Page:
Tuesday, 30 October 2012

Alternate Best Supporting Actor 1974: Martin Balsam in The Taking of Pelham One, Two, Three

Martin Balsam did not receive an Oscar nomination, although he did receive a BAFTA nomination for portraying Harold Longman "Mr. Green" in The Taking of Pelham One, Two, Three.

Martin Balsam portrays Mr. Green one of the hijackers of a subway train who hold several passengers hostage for a million dollars. Mr. Green is the hijacker with the greatest knowledge of the subway, and is the only one who is able to drive. He also is the one who has the clearly the greatest conscience of the group, as the hijackers' threat is to kill one hostage per minute after the hour time they have given for the million dollars to reach them.

Balsam performance certainly is not the focus of the film, and really the role of Green could have been forgotten in the light of the main villain Mr. Blue. Balsam though very important does make the most in humanizing one of the hijackers very well. Balsam does not try to make Mr. Green overly sympathetic in any way in regards to any sort of pleading with the audience, Mr. Green still is doing it for the money, but the humanity of Green created by Balsam especially when compared to the others is subtly but powerfully handled by Balsam.

Balsam's performance is made up of quite a few reactionary moments that are extremely well played by him. They are mostly in when Green sees the full extent of Mr. Blue's plan, and that his threats are entirely true. Balsam makes everyone of them impact well as he shows that Green really is in it far deeper than he ever wanted to be, and he portrays an honest realistic disbelief in who is essentially just an average joe who happened to come in on a job that really is not in his line in any way. Balsam is quite moving in just these small important moments best out of anyone portraying the severity of the situation.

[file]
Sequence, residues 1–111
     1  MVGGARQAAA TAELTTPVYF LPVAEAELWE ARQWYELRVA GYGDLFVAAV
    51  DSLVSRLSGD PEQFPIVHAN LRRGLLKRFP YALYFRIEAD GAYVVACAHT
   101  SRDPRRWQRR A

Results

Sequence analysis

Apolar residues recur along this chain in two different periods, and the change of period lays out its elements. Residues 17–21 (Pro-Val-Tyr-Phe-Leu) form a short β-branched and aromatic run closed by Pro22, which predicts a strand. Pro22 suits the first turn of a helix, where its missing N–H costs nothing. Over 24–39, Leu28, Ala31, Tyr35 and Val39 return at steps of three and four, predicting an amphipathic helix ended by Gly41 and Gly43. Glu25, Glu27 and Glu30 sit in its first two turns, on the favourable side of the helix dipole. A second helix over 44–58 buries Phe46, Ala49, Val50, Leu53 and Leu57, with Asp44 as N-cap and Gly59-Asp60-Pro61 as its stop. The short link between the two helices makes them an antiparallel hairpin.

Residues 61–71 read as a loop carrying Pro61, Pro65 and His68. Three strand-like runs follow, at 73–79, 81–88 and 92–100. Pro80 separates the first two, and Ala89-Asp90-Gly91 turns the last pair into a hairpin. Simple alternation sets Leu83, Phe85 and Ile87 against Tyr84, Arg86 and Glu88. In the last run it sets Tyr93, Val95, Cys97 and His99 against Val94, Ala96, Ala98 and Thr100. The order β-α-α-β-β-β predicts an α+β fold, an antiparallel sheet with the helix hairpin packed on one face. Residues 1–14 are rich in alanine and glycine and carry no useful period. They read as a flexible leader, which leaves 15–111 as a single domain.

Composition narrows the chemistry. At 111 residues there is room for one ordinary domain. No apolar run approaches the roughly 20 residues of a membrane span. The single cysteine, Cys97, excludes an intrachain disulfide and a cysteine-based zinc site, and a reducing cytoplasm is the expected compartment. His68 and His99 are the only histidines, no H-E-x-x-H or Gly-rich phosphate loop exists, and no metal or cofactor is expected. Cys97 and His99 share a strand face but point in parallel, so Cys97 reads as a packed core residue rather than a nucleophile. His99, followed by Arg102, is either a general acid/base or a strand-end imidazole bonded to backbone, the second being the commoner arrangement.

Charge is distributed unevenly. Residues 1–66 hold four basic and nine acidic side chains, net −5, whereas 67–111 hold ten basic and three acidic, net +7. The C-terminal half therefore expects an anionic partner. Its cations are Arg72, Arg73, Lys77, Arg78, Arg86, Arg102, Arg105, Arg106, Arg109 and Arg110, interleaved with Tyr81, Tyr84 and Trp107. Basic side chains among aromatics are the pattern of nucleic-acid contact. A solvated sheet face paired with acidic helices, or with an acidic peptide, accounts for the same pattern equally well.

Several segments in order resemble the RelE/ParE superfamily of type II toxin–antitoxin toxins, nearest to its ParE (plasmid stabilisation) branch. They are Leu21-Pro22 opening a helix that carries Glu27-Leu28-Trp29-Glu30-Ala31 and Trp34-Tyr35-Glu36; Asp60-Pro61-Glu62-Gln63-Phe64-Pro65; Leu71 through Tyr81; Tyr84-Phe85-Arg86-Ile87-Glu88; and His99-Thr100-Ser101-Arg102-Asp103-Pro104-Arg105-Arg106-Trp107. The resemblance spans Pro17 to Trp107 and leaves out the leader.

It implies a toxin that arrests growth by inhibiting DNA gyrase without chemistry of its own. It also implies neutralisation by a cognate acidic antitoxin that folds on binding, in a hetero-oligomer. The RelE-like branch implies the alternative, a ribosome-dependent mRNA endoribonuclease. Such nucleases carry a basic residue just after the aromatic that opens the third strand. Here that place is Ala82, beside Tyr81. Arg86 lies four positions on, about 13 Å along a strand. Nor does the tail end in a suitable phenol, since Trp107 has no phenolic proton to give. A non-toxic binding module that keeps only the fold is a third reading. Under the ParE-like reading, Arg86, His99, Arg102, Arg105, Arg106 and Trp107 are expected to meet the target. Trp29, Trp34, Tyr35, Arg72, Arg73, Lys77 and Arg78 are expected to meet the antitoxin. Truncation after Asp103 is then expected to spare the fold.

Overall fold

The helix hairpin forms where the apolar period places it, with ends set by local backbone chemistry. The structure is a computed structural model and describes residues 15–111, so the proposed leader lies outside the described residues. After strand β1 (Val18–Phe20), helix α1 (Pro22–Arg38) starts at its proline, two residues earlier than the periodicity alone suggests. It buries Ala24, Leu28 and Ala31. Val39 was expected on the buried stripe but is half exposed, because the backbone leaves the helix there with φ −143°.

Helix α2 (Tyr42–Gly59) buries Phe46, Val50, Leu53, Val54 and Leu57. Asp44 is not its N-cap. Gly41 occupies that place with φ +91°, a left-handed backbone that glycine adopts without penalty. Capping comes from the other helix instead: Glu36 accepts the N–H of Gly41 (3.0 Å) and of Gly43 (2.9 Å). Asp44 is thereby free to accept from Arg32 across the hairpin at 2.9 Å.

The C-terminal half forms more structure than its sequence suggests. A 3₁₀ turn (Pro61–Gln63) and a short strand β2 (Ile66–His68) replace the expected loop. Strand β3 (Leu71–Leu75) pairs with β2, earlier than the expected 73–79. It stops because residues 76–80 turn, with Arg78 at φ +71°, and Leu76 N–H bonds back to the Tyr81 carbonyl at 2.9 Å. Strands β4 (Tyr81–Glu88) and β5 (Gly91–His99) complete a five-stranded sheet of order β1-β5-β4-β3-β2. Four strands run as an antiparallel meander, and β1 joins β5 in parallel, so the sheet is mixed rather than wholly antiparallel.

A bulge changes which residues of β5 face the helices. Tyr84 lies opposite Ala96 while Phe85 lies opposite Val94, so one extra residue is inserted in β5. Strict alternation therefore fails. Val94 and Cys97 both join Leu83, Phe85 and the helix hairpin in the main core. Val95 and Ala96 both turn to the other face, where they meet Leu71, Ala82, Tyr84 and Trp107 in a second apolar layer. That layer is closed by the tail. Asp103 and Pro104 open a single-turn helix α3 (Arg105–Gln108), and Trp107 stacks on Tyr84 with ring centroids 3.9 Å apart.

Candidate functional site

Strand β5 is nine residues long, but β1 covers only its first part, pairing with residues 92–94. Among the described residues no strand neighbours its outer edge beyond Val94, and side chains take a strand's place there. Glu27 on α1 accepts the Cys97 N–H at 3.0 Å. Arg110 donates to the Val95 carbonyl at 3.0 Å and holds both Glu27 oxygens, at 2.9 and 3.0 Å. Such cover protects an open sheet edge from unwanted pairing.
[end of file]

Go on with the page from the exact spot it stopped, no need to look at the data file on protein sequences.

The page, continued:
My favorite human moments though come in his short little conversations with Mr. Blue as they wait for money. He and Shaw are great together in the way they play off the extreme contrasts in terms of the personality, but in at the same time there is a certain camaraderie and respect between the two as two men working on a project. The two have some nice humorous moments particularly when Balsam talks about Green's reason for firing which was a crime he did not commit. The two back and forth in the moment is terrific showing a human side to both character but not at all compromising the intensity of the later scenes in the film.

Balsam gives a very good performance by making Green likable, and he even effectively twists the audiences sympathy just to the right making it so you do not want the hijackers simply all to be killed. He turns Mr. Green into any actual normal man who embarks on a rather foolish endeavor. Balsam allows us to follow Mr. Green through this decision all the way through both the lows, and the seeming highs. He believably shows entirely genuine reactions to what Mr. Green goes through the entire film. Balsam with a character who could have been a throwaway he makes Green three dimensional, and doing so adds greatly to his film.


RatedRStar said...

I actually enjoy Balsams work most of the time such as 12 Angry Men, Psycho and this, such a shame that his oscar win is one of the worst ever (Tom Courtenay would have been a perfect choice given his youthful age at the time).

Louis Morgan said...

His win is actually quite strange in that he is barely remembered as an Oscar winner do begin with. It is a shame he won for that though as in most everything else I have seen him in he is a more than competent character actor.

He also probably should have won an Emmy or something for his Twilight Zone episode where he plays a psychotic obsessed with his wax figures.